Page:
MELBOURNE - Tennis through the year is preoccupied by a predictable range of subjects. Geography, for instance. Where are all the Swedes, we wonder? They won 24 grand slam singles titles between 1974 and 1992 and only one since then and at the Australian Open there is only a single fellow in the men's draw.
What happened to the tall invasion? An army of 1.98m giants, we once decided, was going to launch a coup but it turned out to be a myth. Though it's a nice touch that the 2.11m Ivo Karlovic's father is a meteorologist. Who else knows the weather up there?
Heat, of course, causes some annual Aussie angst. Players wobble, shoes stick, ice bags become a favourite accessory and Roger Federer plays at night. Well, so far at least. Nevertheless camps have been dutifully formed: some will complain about the heat, others will complain about the whiners and some are just happy to play.
Petra Martic and Luksika Kumkhum, world Nos. 81 and 124 respectively, who might not usually be found on Rod Laver Arena, somewhat caught fire in the midday sun: 62 winners, 13 breaks of serve and a third set that went a dramatic hour. Martic won 6-3, 3-6, 7-5 and who says we only require stars for tennis to display its spirit?
Have I seen hotter years at the Open? Unquestionably. Would I like to run short sprints in this heat, which feels like being wrapped in a blanket? Nope. When I asked the charming Luksika about the conditions, she smiled: "I'm from Thailand, but it was still hot for me today."
Sport has always asked uncomfortable questions in disagreeable conditions and I grew up hearing about Indian Davis Cup players who had to wrap themselves in blankets at changeovers during chilly ties in the old Soviet Union. Tennis must always investigate fitness and resolve - find your best on the worst of days - yet not turn an essentially skilful game into an Ironman contest.
Martic described the conditions as "ugly" and when told that Garbine Muguruza had said she had blisters because of the surface heat coming through her shoe, she added, "I also got some blisters and I took painkillers after the second set". And yet she explained: "You just need to be mentally tough and ready to just suffer out there and try to make it through."
And finally, as an eternal subject, there's always age. Tennis, like most games, is besotted with the new and the old, dazzled by the young who dare to emerge and respectful of the enduring player who refuses to leave. Both, in their own ways, are acts of defiance.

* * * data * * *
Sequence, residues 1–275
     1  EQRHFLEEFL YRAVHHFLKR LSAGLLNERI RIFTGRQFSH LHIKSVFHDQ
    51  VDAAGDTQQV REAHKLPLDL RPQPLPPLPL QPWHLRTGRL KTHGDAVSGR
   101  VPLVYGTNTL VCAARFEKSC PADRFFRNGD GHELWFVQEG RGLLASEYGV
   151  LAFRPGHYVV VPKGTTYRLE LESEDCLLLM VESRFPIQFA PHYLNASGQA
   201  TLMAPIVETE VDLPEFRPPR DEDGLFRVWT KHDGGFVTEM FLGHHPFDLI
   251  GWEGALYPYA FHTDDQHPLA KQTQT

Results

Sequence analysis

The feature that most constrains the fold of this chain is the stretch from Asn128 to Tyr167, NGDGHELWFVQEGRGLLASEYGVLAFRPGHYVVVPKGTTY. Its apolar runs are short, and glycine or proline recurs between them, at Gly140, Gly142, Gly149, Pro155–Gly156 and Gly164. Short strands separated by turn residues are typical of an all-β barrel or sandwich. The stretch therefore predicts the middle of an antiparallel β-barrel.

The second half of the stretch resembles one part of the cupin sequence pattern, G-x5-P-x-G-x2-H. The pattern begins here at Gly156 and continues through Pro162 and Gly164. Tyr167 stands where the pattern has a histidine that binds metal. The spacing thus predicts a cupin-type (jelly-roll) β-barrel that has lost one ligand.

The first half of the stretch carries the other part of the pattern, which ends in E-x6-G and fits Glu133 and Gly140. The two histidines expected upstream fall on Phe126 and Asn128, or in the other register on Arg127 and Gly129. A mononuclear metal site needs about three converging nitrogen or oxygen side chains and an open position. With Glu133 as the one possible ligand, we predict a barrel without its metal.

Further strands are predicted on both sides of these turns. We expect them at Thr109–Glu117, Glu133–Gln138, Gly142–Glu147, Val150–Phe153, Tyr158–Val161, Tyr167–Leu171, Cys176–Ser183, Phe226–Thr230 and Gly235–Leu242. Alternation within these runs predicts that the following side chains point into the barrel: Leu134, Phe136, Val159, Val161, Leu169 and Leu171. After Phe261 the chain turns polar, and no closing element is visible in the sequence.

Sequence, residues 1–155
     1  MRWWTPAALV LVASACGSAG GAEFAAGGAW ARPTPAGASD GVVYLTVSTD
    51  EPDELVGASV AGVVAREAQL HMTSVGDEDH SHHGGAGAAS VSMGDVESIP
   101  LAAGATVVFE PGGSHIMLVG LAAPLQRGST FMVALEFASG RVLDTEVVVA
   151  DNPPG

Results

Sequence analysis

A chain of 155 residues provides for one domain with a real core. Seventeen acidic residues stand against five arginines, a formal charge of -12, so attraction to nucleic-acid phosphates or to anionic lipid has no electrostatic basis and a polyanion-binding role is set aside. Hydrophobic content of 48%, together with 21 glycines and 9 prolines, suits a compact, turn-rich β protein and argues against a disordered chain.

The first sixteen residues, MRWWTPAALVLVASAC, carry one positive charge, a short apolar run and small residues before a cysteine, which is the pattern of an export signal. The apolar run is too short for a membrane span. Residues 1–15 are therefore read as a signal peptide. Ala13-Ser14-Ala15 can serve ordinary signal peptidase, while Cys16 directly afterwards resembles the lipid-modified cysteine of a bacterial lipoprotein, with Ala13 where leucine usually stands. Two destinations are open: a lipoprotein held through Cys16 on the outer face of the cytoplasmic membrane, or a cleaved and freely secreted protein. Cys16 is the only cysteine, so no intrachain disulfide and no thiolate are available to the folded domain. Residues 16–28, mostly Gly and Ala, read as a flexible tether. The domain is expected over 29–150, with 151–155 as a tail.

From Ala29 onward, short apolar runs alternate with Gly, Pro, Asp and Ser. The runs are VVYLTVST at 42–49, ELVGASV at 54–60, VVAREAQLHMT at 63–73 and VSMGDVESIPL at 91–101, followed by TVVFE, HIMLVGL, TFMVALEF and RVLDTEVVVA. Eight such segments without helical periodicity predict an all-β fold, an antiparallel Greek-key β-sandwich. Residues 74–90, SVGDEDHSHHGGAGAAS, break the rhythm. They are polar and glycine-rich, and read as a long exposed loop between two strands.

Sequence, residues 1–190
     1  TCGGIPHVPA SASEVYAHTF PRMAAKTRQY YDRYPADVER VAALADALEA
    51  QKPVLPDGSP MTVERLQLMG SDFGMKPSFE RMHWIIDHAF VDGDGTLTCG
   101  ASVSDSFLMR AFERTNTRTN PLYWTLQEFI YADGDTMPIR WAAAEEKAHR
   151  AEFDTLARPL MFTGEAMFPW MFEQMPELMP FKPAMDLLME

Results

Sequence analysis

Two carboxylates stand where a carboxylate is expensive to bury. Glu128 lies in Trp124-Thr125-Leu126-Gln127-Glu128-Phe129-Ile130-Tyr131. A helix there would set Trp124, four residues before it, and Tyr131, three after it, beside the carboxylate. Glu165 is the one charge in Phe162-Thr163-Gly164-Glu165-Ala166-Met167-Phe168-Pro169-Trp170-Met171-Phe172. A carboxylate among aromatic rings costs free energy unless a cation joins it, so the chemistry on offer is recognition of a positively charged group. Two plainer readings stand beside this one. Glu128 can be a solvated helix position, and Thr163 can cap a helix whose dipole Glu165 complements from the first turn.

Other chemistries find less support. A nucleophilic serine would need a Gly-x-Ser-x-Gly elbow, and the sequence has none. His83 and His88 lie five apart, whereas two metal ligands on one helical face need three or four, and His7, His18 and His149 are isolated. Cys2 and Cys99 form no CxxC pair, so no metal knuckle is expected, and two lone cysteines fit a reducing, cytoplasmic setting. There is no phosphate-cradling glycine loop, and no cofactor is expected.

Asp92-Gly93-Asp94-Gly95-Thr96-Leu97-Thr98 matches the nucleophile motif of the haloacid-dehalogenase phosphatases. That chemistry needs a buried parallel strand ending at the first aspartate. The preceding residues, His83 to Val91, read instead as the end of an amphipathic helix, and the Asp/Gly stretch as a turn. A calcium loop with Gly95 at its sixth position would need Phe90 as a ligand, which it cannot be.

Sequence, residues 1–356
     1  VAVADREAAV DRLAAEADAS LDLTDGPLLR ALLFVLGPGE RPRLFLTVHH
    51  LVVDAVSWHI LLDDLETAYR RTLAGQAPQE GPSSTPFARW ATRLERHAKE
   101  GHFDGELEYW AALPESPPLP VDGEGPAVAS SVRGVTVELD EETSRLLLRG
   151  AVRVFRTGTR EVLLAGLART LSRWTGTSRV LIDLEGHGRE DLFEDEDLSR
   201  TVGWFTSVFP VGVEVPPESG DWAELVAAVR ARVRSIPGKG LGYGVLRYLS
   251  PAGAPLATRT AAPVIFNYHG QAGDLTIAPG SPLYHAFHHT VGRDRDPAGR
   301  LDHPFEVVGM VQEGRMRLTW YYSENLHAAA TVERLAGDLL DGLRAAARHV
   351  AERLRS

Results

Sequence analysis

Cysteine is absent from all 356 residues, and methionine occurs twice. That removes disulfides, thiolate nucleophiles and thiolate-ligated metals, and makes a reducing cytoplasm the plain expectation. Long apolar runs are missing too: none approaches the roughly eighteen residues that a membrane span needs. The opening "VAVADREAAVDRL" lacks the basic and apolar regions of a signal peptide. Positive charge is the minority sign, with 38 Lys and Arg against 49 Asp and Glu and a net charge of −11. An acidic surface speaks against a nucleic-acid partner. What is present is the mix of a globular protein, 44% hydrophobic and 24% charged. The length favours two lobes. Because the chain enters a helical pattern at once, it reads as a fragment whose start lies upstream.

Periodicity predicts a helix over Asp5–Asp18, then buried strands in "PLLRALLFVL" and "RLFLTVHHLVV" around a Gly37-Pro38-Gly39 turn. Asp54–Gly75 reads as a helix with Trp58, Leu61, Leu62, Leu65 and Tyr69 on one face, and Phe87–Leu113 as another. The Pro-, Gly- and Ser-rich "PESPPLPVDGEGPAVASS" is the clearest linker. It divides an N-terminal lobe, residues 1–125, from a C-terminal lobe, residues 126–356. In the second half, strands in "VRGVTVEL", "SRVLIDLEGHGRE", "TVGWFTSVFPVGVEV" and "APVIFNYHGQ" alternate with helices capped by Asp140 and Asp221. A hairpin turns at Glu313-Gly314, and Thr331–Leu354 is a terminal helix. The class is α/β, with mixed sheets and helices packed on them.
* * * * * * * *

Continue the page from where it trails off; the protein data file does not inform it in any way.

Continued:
Federer, born in 1981, is as dated as Raiders Of The Lost Ark and Karlovic, a month from 39, is as ancient as Life On Earth (well, the series by David Attenborough). Still, in the first few days of the Open the finest story was someone less than half their age. Marta Kostyuk, the 15-year-old from Ukraine, is the youngest to reach the third round at Melbourne since Hingis in 1996. Martina's subsequent journey went well, Marta's we shall see.
Kostyuk, a qualifier who defeated the 25th seed Peng Shuai 6-2, 6-2 in the first round, finally lost on Friday to Elina Svitolina 2-6, 2-6. A new talent had met an old hand. When asked later what she learnt, Kostyuk's reply was as nonchalant as her backhand return winner on the second point of the match: "Well, a lot. How much you have to pay Svitolina to have one-hour lesson, so I got it for free."
Here was a kid on a wild ride, in a big court, amid a large crowd, against her compatriot ranked 517 places ahead of her, but she wasn't just happy to be there. She cried. "I didn't show even maybe 10 per cent of what I can," Kostyuk said later and it was the dissatisfaction with her little fairy tale which showed off her perfectionism.
Introductions in sport are delicious moments, a sudden explosion of raw talent, when the cameras are looking, by athletes too young to be properly scared yet. Interviews follow, attention arrives and as something is gained so is a little lost. Expectation inevitably erodes innocence. It is part of the pact.
Already Kostyuk has been called a "sensation" and for every Tiger Woods, Lionel Messi, Sachin Tendulkar, all brilliant studies in precocity, there are too many forgotten tales of young athletes who never grew into the labels we gave them. In all our excitement over the glimpse of a new talent it's best we remember that The Sure Thing and The Can't Miss are only figments of our over-heated imaginations.